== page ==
August 23, 2002
Carolina in the News
Here is a sampling of links and notes about Carolina people
and programs cited recently in the international and national media:
The young and the rested
The Economist (U.K.)
Throughout its 104-year history, Ruttger's Bay Lake Lodge has employed a lot of teenagers.
Each summer, around two-thirds of the 325 staff at the remote holiday resort are high-school
and college students... A 2001 study for the EPI by Thomas Mroz and Timothy Savage from
the University of North Carolina at Chapel Hill linked teen joblessness to lower lifetime
earnings, future unemployment and a variety of other social ills.
International News Note
The Agence France-Presse, a French news wire service, Thursday distributed a story about
the continued threat of legal action by the American Family Association Center for Law and
Policy about Carolina's summer reading program.
Current National Coverage
Instructed, Not Converted (Opinion-Editorial Column)
The Wall Street Journal
News flash: North Carolina failed this week to make Islam the official state religion. Nor did it
compel residents to profess that there is no God but Allah...
Education in context (Editorial)
The Record (Bergen County, NJ)
If there's one thing a university should strive to be, it is a place where there can be a free exchange
of ideas and students can learn to think on their own... The groups are protesting a decision by
the University of North Carolina at Chapel Hill to have its freshman class read a book about the
Koran, saying the assignment promotes Islam and forces "Islamic indoctrination."
Promoting academic freedom (Editorial)
St. Louis Post-Dispatch
Every summer, universities and colleges assign a book to incoming freshmen. The idea is to
create a common intellectual experience, to challenge childhood assumptions and to provide an
activity more meaningful than beer parties and pledge meetings. This year's book choice at the
University of North Carolina was controversial...
Quran seminar doesn't amount to indoctrination (Opinion-Editorial Column)
Wichita Eagle (Kansas)
One word to parents who may have sent their youngsters off to college: ideas. They're lurking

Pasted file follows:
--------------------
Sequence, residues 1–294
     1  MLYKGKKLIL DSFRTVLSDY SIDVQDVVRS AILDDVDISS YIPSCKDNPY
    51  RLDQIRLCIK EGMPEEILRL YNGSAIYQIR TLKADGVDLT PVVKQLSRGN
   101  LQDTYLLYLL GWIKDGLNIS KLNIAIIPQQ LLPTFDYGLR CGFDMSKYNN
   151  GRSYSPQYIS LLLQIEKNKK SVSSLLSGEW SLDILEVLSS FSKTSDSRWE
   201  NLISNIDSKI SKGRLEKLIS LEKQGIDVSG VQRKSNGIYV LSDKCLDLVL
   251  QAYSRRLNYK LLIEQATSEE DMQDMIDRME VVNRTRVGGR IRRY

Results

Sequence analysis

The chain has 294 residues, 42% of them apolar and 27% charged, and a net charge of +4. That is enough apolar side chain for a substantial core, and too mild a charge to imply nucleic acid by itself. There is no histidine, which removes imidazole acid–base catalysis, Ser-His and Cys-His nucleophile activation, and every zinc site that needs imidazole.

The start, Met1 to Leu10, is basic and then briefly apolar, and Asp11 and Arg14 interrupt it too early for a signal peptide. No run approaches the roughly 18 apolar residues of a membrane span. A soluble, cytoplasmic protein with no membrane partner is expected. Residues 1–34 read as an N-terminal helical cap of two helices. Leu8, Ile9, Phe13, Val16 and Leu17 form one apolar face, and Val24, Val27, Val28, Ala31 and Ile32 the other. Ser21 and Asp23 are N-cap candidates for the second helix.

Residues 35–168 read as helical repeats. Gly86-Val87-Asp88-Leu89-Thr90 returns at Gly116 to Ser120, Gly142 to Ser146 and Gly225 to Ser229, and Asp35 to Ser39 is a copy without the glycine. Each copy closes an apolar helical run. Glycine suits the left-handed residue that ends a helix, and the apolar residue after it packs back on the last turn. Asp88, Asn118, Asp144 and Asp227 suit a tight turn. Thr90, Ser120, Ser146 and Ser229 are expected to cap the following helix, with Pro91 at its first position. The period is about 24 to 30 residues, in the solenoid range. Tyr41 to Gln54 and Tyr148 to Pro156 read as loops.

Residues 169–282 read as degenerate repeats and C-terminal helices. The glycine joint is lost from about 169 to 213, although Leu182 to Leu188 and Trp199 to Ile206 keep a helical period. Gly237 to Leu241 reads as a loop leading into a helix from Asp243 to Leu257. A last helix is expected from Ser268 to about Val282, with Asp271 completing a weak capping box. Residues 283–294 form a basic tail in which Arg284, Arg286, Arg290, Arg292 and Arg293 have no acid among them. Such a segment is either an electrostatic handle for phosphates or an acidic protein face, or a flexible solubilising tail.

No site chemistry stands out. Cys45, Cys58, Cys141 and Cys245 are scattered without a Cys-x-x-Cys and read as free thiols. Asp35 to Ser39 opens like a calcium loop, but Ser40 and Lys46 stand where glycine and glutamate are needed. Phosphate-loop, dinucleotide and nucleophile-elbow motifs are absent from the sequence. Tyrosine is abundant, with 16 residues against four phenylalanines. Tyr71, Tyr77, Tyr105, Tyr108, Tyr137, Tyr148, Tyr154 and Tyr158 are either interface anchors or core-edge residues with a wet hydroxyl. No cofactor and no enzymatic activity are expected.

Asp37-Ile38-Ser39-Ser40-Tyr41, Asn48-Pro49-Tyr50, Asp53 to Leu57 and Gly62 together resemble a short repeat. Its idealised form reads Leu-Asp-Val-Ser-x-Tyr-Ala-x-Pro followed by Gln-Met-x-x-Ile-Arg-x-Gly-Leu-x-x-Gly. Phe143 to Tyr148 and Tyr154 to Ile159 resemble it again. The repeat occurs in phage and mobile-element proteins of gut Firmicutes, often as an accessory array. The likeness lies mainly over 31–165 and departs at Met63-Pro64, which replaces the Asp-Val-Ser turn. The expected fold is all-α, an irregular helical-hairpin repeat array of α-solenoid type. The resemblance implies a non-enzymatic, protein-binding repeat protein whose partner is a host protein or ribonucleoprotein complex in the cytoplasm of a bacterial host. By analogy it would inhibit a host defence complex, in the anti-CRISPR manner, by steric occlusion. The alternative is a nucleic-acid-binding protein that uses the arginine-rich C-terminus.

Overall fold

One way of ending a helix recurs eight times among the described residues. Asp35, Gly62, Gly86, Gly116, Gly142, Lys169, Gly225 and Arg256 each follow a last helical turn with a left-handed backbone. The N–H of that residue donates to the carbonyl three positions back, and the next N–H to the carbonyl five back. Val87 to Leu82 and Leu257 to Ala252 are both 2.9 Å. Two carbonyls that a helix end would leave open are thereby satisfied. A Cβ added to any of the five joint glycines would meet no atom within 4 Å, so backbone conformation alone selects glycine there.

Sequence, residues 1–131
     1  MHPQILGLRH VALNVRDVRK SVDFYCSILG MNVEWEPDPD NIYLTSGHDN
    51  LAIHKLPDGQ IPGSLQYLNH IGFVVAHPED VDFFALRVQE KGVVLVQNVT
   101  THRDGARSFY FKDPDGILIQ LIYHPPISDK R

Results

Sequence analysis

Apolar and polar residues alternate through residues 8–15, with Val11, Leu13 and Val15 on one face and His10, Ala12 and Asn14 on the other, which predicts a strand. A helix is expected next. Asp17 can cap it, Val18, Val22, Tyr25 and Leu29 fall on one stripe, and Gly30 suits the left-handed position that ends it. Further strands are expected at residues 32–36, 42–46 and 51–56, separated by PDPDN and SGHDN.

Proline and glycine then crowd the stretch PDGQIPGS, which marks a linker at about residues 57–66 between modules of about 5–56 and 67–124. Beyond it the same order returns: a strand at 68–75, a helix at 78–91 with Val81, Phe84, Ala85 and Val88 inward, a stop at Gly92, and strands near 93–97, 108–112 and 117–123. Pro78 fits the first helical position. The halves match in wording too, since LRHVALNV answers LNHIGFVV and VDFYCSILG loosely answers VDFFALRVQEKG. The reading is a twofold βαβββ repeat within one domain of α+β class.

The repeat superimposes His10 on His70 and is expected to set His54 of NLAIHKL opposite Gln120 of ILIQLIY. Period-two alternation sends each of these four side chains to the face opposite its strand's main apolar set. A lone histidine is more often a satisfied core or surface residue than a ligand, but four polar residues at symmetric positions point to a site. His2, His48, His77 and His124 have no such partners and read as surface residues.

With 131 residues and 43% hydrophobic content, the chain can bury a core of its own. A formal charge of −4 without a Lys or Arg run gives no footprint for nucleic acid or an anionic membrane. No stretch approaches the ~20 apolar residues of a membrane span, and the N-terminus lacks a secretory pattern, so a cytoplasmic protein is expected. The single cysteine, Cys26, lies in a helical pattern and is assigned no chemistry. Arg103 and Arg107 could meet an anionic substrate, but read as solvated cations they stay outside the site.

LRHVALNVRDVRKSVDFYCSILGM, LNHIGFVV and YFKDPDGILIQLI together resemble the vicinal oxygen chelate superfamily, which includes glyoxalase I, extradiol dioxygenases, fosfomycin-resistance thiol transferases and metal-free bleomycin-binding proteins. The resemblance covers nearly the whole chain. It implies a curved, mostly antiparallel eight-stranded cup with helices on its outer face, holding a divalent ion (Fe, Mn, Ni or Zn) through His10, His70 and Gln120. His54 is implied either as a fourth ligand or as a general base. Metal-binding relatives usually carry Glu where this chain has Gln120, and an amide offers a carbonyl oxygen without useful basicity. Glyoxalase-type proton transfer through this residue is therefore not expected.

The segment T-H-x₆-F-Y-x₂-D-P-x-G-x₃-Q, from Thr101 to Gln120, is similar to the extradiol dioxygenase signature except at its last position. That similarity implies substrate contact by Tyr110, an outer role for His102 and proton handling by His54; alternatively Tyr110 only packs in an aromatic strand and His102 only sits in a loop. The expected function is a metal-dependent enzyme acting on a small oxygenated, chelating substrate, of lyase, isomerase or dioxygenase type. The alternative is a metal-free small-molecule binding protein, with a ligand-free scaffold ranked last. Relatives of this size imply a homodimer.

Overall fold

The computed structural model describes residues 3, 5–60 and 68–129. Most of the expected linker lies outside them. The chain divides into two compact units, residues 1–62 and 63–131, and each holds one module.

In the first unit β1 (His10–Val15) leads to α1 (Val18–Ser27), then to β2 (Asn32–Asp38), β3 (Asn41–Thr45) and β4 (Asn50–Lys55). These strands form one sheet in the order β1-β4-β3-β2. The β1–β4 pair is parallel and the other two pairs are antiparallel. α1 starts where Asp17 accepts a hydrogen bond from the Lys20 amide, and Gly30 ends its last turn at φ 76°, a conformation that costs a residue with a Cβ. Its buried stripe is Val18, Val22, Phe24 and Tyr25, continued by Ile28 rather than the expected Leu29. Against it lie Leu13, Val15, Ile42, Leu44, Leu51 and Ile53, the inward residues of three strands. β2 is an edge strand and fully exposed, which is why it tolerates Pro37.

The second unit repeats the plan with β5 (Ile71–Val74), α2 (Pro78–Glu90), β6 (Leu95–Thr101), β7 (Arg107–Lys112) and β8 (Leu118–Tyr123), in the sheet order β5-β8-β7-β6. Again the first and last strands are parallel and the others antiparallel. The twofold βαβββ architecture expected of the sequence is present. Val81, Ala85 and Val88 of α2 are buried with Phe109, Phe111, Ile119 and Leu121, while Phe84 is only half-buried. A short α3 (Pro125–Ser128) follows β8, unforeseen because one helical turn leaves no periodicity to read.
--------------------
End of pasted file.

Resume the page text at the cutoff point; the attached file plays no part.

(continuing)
everywhere. Your children may be introduced to ideas at unexpected moments, from unforeseen
sources. These ideas may be exotic, unvarnished, disturbing, comforting, unexpected, enticing,
repugnant, confounding, outlandish.
(Note: This column originally appeared in the Fort Worth Star-Telegram and was featured in the
Milwaukee Journal Sentinel earlier this week.)
Students should study sacred texts (Editorial)
Deseret News (Utah)
Once again, a sacred text is at the center an unholy controversy. At the University of North
Carolina, students have been asked to read part of the Quran ó the Islamic scripture ó as part
of their coursework. A Catholic, an evangelical Christian and a Jewish student sued the school for
"establishing a religion."
Widening horizons (Editorial)
The Journal News (White Plains, N.Y.)
Certainly, the nation's court system is slow enough. To slow down the system even further with a
lawsuit filed by a Virginia-based conservative Christian network seeking to stop the University of
North Carolina from assigning freshmen to read a book about the Koran made little sense...
Koran Studies: Inquiry Isn't Indoctrination (Letter to the Editor)
The Wall Street Journal
In regard to your Aug. 13 editorial "Mandating the Koran": The University of North Carolina is
requiring all incoming freshmen to read "Approaching the Quran" not to promote Islam but to
broaden adult students' understanding of Islam in this time of crisis.
(Note: John Boddie is president of the American Civil Liberties Union of North Carolina. The
Wall Street Journal published two letters to the editor about the summer reading program. To
read both, please scroll down to the bottom of today's Carolina in the News.)
Amid Koran Debate, Panel of U. of North Carolina Board Endorses Academic Freedom
The Chronicle of Higher Education
Three days after discussions of a controversial book about the Koran at the University of North